October 7, 2014 - 3:51am

Just before totality on a total lunar eclipse. Credit: Flickr/John Johnson, CC BY-NC-SA

By Tanya Hill, Museum Victoria

At least twice a year, Earth comes between the sun and the moon. The result is a lunar eclipse, where we see the splendid sight of Earth’s shadow falling across the moon.

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Adolescents With Cerebral Palsy Report Similar Quality Of Life To Other Kids

October 7, 2014 - 12:06am

Cerebral palsy is the most common motor disability in childhood, afflicting between between 1 and 4 per 1,000 kids born worldwide. It's more common among boys than girls and only about half of adolescents with it can walk independently but regardless of that, kids with cerbral palsy rate their quality of life pretty high.

Either adolescents with cerebral palsy are doing pretty well or able-bodied adolescents in general invent problems when they have none. 


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Breast Implants Investigated For Link To Lymphoma

October 6, 2014 - 10:51pm
Researchers are investigating a possible association between breast implants and a form of lymphoma that may develop tumors at a later stage. The researchers conclude that breast implants can cause a new subtype of the rare yet malignant lymphoma known as anaplastic large cell lymphoma (ALCL).

Worldwide there have been 71 documented cases of patients with ALCL in which researchers suspected breast implants to be the cause. ALCL is normally found in the lymph nodes, as well as in skin, lung, liver and soft tissue, but not usually in the breast.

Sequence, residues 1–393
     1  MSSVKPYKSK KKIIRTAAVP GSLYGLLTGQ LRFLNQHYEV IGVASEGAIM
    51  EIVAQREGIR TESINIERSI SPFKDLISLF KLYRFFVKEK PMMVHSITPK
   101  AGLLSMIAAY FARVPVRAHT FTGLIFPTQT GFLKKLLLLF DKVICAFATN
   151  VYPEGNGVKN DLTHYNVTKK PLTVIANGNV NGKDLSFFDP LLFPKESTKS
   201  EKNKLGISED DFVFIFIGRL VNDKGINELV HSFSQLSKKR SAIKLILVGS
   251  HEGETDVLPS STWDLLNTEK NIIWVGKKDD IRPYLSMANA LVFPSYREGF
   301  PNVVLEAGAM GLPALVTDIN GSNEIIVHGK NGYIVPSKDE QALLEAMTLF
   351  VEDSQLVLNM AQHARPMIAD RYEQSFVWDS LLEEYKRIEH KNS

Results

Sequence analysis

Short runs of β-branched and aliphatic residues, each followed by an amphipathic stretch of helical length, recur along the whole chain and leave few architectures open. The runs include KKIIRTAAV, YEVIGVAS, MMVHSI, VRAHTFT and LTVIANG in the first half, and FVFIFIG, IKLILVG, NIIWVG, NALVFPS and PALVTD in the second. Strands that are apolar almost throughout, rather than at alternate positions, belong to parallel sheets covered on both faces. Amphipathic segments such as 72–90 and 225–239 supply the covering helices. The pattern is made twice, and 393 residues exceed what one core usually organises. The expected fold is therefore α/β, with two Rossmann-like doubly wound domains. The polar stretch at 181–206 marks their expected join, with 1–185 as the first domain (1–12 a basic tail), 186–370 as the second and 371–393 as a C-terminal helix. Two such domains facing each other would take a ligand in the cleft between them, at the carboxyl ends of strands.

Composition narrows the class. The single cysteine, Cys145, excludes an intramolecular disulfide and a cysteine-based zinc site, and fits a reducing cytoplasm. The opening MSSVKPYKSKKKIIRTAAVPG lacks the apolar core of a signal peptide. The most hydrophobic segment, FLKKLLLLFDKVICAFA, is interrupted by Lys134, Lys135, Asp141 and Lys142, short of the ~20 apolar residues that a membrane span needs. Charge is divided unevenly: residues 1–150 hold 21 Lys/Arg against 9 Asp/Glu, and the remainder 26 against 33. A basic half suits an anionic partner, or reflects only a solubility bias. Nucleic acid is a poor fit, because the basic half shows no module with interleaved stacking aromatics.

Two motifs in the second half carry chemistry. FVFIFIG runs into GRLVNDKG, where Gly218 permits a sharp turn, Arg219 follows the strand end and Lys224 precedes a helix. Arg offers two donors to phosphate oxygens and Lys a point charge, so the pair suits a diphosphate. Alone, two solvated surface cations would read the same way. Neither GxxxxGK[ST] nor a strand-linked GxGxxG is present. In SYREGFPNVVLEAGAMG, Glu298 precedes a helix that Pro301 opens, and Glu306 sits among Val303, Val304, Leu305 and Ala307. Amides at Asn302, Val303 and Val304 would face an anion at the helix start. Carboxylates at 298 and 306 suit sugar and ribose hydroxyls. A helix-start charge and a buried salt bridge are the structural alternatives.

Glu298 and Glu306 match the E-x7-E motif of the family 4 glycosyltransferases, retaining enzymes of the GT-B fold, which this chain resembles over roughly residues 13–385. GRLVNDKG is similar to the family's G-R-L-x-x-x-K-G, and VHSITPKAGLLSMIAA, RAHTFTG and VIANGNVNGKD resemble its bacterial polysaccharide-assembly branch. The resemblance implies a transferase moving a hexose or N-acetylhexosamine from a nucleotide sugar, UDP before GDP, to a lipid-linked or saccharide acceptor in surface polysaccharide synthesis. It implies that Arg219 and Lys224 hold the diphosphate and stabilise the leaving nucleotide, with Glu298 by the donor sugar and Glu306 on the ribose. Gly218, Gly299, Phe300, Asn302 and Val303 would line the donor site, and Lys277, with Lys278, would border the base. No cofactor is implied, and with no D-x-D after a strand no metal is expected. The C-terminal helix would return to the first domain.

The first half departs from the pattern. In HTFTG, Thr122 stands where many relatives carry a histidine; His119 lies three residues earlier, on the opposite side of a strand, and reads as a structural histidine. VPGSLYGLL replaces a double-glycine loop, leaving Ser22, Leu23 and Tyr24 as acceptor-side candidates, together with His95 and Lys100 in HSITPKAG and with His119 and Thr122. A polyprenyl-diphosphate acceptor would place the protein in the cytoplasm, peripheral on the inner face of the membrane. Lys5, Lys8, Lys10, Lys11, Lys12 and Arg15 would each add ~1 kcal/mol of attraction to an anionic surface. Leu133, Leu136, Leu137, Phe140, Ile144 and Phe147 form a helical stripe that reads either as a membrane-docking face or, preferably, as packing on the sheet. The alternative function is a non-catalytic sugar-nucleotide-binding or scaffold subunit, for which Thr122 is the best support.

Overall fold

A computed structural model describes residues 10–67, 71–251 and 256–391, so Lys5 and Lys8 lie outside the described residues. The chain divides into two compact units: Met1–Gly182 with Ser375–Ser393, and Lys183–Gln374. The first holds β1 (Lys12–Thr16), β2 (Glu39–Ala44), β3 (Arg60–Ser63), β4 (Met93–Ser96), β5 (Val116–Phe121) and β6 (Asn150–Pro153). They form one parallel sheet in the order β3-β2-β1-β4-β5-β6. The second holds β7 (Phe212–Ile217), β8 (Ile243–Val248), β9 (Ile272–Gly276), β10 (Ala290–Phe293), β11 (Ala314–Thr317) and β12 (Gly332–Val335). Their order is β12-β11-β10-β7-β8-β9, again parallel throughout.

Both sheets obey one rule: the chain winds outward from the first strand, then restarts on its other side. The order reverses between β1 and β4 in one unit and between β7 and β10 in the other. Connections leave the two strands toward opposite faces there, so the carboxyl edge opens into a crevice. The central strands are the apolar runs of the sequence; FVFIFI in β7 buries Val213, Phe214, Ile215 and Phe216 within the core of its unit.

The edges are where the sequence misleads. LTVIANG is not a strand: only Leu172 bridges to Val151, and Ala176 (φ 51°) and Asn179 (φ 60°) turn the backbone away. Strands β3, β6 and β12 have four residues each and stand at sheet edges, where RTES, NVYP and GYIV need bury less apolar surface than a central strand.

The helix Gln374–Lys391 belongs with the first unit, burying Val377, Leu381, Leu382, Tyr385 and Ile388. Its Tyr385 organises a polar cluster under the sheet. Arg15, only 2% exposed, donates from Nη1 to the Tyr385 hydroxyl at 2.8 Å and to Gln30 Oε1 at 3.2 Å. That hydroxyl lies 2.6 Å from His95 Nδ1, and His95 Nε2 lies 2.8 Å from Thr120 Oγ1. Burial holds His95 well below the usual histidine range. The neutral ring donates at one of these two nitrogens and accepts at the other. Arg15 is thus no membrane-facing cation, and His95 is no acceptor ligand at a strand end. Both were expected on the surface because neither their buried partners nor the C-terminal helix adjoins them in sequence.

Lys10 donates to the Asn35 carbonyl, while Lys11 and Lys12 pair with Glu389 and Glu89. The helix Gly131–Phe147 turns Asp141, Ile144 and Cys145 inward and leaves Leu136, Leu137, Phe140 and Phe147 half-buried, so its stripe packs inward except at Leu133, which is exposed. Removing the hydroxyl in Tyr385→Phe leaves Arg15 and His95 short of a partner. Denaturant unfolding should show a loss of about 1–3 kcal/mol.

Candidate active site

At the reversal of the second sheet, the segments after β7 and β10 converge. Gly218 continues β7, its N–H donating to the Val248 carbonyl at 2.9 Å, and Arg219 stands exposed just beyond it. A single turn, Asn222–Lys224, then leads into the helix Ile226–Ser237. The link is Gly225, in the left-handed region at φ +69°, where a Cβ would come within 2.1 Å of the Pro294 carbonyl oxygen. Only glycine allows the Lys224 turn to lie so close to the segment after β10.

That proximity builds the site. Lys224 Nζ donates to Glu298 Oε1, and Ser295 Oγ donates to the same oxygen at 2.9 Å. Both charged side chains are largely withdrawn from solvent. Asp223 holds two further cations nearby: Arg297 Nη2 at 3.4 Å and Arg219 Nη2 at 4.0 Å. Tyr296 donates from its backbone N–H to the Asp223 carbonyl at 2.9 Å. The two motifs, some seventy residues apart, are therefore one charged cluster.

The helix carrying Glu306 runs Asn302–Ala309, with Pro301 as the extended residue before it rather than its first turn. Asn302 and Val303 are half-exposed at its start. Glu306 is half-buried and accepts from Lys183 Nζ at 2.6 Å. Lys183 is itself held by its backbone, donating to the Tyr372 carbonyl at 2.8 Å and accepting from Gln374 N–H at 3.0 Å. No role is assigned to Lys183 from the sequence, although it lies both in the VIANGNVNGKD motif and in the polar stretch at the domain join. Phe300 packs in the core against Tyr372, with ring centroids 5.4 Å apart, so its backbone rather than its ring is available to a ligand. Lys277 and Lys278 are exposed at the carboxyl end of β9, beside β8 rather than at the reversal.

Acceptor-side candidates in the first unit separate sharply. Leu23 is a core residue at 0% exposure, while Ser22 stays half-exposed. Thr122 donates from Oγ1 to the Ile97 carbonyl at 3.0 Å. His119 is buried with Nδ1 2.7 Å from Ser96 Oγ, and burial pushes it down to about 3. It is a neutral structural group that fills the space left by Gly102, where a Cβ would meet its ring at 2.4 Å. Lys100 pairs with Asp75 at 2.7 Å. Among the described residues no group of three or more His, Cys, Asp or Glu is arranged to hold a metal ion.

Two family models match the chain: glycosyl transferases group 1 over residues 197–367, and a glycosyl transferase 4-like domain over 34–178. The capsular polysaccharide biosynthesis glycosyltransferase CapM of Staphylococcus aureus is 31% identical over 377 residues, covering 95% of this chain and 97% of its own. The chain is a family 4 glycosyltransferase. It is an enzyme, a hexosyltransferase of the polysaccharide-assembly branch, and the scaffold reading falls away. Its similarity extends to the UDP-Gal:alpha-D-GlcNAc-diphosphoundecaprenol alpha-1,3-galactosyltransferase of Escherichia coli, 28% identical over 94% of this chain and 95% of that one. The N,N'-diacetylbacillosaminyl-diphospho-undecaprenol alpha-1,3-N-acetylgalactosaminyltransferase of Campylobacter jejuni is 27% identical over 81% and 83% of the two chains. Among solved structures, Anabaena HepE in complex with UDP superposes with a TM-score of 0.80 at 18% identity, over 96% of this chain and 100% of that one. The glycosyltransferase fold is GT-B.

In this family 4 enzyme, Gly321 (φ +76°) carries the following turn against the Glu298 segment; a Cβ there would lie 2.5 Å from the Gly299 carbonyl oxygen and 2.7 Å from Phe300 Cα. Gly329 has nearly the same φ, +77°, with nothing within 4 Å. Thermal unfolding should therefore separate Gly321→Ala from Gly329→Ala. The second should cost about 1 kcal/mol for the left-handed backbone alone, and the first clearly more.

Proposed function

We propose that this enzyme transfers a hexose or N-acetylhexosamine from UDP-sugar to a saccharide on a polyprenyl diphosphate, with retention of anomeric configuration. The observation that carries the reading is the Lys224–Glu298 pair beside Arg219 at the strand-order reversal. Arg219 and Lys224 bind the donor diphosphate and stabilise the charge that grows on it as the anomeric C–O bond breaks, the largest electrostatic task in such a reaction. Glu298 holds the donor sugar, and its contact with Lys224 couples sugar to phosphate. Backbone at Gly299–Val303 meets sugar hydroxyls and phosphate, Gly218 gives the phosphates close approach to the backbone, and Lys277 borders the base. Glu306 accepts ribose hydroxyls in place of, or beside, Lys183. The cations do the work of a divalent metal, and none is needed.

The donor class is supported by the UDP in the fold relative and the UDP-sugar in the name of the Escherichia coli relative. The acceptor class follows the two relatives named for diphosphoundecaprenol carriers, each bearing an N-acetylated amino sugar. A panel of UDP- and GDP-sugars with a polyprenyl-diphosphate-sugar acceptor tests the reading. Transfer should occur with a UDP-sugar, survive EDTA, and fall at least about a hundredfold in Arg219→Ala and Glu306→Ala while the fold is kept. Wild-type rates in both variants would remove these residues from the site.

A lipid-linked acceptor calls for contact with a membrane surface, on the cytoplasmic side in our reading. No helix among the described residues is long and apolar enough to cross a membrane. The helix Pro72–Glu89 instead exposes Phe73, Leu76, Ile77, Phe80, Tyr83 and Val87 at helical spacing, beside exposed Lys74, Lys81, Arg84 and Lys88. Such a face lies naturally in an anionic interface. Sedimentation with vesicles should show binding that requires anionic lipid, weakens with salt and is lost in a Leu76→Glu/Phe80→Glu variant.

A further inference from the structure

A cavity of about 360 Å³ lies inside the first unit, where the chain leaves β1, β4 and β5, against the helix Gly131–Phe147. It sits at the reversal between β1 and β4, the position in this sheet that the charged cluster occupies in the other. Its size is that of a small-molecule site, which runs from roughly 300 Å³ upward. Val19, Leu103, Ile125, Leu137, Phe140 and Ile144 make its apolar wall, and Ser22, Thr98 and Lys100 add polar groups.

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If You Really Want An Antibiotic, Go Just Before Closing Time

October 6, 2014 - 10:17pm

Clinicians are just like anyone else. As the days goes on, they wear down a little. Numerous patient care decisions each day, and the cumulative demand of those decisions, take their toll.

In primary care, doctors often prescribe unnecessary antibiotics for acute respiratory infections (ARI) and now scholars at Brigham and Women's Hospital (BWH) in Boston found that antibiotic prescribing rates increased as the days got later.     


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Cancer Treatment: New, Improved...And Economic Exploitation?

October 6, 2014 - 9:42pm

A few years ago there was concern that poor people did not have access to the best health care because of high cost, but two new papers find that spending is actually too high.